I was actually talking to one of my friends (who is openly gay) about this exact topic a couple of months ago. I mentioned that I realized I was asexual much later than my other LGBTQ+ friends, most of whom came out between the ages of 13 and 16. He said that he also knew a lot of kids who came out in high school (he was included among the bunch), and then added, “It seems like it’s not uncommon for asexual people to realize they’re asexual pretty late. At least, my other asexual friend didn’t start identifying as asexual until college.”
Of course, that got me thinking. Why is it that so many aces take so long to realize/accept that they are ace? Is it just a lack of education? (That was certainly a contributing factor, in my case.) Or are there social expectations that stop people from identifying as asexual? (Those were also contributing factors!) After a lot of thinking, I came up with four reasons that it takes a really long time for some aces (myself included) to realize/accept that they are asexual: the “coming out window,” fear of coming out as the “wrong” orientation, education and visibility, and the “late bloomer” excuse.
AVEN has released a statement regarding 'A is for Ally'
LGBT rights organisation GLAAD’s recent campaign, entitled “Got Your Back”, promoting allyship, has garnered much attention in regards to its tagline “A is for Ally”. The AVEN board of directors and project team would like to share the following statement:
A is for Asexuals, Aromantics, Agender people… and for Allies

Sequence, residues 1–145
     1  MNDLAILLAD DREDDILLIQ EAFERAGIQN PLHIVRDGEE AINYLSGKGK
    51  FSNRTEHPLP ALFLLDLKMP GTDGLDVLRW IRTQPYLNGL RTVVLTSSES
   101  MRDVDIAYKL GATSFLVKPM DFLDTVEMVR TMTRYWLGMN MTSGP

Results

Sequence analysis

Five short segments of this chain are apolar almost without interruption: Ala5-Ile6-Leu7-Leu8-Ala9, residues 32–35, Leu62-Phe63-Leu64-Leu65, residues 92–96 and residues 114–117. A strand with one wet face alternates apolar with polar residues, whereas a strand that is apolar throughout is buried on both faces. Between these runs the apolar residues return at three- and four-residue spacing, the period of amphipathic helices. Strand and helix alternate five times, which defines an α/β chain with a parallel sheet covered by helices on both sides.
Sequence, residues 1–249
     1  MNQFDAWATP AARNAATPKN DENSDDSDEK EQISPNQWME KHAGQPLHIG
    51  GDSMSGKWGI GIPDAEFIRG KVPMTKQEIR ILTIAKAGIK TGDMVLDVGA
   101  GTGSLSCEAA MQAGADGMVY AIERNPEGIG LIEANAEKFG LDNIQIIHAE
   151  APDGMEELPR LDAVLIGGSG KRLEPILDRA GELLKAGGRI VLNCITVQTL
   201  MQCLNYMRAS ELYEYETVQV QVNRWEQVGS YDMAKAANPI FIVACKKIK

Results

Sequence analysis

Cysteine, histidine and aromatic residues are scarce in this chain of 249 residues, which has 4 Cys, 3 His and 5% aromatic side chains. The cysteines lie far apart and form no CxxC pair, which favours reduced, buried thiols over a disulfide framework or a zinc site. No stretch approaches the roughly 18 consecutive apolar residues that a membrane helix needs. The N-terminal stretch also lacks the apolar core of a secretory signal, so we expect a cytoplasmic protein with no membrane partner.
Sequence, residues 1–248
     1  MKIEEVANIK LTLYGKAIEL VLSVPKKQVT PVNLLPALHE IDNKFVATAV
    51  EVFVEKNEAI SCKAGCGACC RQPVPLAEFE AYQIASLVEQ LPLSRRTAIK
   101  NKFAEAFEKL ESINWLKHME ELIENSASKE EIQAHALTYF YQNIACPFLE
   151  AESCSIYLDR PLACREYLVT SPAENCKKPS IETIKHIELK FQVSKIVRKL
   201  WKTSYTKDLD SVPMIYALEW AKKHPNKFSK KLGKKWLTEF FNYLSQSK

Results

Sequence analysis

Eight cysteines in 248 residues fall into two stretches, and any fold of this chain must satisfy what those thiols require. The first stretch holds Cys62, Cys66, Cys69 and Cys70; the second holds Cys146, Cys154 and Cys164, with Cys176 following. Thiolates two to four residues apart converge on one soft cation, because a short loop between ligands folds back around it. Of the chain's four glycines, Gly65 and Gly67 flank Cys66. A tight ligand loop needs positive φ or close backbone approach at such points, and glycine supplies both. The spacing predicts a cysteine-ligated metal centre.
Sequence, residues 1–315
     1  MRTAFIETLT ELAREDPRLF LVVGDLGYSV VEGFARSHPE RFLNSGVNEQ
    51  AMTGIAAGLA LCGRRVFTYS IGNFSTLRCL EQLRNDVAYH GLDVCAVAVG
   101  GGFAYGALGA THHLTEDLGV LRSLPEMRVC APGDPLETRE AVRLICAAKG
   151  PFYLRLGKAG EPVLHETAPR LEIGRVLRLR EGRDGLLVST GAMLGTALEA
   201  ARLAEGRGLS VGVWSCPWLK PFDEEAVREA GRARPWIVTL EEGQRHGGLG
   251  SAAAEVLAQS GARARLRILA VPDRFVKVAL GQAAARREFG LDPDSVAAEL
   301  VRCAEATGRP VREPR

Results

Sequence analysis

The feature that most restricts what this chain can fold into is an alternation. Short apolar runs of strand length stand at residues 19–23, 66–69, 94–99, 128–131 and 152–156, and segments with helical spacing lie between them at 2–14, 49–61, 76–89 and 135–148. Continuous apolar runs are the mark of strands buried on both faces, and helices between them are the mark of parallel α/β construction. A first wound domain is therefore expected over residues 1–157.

GLAAD, an internationally renowned LGBT rights organization, created a campaign called “Got your back” with the tagline “A is for Allies”. At AVEN we hugely value the role that allies play in our community and in the wider LGBTQ+ movement. However, “A” stands for Asexual, Aromantic and Agender people as well as Allies.
The phrase “A is for Allies”, used in isolation, conjures memories of marginalization and exclusion from LGBTQ+ groups for many asexual, aromantic and agender people, for whom invisibility and erasure are still huge problems.
We applaud the many activists who brought this issue to wider attention. We also applaud GLAAD for revising their campaign accordingly and acknowledging asexual, aromantic and agender people, and the issues they face. GLAAD illustrated the allyship that they celebrate as an organization by correcting their honest mistake and taking a firm stance on the inclusion of agender, aromantic, and asexual people in the LGBTQ+ community.
We hope to work closely with GLAAD in the future, both to ensure better representation of asexuality, aromanticism and agender identities in popular culture, and to act as good allies ourselves for the wider LGBTQ+ movement.
For more information, visit asexuality.org, asexualawarenessweek.com or write to firstname.lastname@example.org for general information and email@example.com for media requests.
don’t ask asexuals if they had a bad sex experience.
don’t tell asexuals that one day they’ll find someone who will make them allosexual.
don’t assume asexuals have a disorder or hormone imbalance
don’t erase asexual identities
A new documentary by Sam Broadley ‘Taking The Cake’ has been released. If you’re looking for a good documentary to introduce people to some of the issues asexual people face, this 30 minute film is a great start, with appearances from asexual activists, sex educators, and therapists. Best of all, it finishes on a positive note!